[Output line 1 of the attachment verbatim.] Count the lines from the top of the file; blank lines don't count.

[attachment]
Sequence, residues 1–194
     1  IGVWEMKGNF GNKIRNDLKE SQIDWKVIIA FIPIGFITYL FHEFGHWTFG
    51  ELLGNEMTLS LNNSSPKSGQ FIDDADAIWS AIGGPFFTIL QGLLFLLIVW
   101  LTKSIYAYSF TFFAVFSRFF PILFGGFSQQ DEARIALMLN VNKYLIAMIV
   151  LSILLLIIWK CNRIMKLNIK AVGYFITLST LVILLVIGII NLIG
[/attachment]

Sequence, residues 1–194